In this tutorial, you will set up a sample Vue application, install Vue.js DevTools in your browser, then add new features to your app while testing them with the browser extension. This will serve as a first step to debugging your code with Vue.js Devtools.

      Prerequisites

      Step 1 — Setting Up the Example Application

      In this step, you will put together a sample application that you can use in later steps to try out the Devtools browser extension. To get started, generate a new Vue application via the Vue CLI. To do this, open your terminal window and run the following command.

      • vue create favorite-airports

      When prompted with the setup options for your Vue app, select Manually select features. Then select Choose Vue version, Babel, and Vuex. Once selected, hit the RETURN key and continue filling out the prompts as follows:

      Output

      Vue CLI v4.5.15 ? Please pick a preset: Manually select features ? Check the features needed for your project: Choose Vue version, Babel, Vuex ? Choose a version of Vue.js that you want to start the project with 3.x ? Where do you prefer placing config for Babel, ESLint, etc.? In dedicated config files ? Save this as a preset for future projects? No

      Once the favorite-airports project is created, open your terminal window and cd into the favorite-airports root folder. Once you’ve changed into the directory, create a new directory with the mkdir command:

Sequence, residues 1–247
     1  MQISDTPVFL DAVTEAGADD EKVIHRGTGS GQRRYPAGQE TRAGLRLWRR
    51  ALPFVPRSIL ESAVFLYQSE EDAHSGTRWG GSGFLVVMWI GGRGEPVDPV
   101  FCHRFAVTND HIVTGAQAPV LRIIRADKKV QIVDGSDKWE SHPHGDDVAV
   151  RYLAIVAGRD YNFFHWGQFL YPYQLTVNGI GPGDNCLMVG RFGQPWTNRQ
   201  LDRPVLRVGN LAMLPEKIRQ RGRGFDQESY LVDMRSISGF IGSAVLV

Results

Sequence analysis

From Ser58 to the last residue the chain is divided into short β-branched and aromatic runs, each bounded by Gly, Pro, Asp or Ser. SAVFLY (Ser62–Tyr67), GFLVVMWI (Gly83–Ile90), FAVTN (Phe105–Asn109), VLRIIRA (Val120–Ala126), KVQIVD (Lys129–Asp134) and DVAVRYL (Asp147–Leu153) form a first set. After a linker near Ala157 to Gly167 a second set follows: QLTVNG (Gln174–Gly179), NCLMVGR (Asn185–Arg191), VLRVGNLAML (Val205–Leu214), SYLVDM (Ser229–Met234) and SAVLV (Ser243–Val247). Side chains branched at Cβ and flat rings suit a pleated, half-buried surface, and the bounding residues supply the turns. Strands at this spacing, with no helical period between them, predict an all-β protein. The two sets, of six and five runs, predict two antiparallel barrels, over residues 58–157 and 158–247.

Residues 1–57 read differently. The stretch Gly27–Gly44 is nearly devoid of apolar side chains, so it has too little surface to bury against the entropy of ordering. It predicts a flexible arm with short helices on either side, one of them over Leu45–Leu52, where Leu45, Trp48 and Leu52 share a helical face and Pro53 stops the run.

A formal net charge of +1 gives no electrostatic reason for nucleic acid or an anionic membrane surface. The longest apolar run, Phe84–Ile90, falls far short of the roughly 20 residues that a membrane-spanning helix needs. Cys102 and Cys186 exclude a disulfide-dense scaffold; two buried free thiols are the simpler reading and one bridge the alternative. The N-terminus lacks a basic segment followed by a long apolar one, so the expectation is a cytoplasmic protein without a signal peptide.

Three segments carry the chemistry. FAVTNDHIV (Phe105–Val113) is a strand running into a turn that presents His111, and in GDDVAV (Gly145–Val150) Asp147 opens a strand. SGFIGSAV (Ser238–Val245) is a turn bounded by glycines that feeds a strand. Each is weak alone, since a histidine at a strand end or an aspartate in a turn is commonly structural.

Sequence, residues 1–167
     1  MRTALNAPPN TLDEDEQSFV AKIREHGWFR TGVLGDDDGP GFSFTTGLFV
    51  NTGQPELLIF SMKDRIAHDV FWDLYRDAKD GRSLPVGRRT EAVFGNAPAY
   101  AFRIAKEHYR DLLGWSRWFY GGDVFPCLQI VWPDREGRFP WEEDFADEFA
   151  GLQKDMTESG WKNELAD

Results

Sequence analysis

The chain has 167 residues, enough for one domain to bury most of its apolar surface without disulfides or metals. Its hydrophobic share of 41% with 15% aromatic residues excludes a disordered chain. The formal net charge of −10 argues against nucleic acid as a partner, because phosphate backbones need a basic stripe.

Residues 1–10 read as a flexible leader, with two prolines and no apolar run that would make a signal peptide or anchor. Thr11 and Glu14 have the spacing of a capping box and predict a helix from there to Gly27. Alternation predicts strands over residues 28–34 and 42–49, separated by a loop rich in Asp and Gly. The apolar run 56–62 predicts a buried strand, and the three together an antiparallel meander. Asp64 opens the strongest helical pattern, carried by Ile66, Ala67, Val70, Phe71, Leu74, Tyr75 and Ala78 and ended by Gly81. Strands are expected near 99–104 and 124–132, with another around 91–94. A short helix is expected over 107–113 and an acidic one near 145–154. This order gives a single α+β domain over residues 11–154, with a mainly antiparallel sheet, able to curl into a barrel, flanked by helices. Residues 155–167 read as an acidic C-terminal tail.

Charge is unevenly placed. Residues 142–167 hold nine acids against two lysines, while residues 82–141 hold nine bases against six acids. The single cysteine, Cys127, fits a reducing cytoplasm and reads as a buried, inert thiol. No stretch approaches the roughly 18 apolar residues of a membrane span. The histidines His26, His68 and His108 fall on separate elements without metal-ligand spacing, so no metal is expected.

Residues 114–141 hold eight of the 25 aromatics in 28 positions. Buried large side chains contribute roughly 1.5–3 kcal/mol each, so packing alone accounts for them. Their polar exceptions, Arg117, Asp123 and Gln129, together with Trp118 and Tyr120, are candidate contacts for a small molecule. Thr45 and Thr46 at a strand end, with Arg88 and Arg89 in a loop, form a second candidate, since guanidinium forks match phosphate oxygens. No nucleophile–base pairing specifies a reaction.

In your text editor of choice, create and open an data/airports.js file and add in the following:

      favorite-airports/src/data/airports.js

      export default [
        {
          name: 'Cincinnati/Northern Kentucky International Airport',
          abbreviation: 'CVG',
          city: 'Hebron',
          state: 'KY',
        },
        {
          name: 'Seattle-Tacoma International Airport',
          abbreviation: 'SEA',
          city: 'Seattle',
          state: 'WA',
        },
        {
          name: 'Minneapolis-Saint Paul International Airport',
          abbreviation: 'MSP',
          city: 'Bloomington',
          state: 'MN',
        },
        {
          name: 'Louis Armstrong New Orleans International Airport',
          abbreviation: 'MSY',
          city: 'New Orleans',
          state: 'LA',
        },
        {
          name: `Chicago O'hare International Airport`,
          abbreviation: 'ORD',
          city: 'Chicago',
          state: 'IL',
        },
        {
          name: `Miami International Airport`,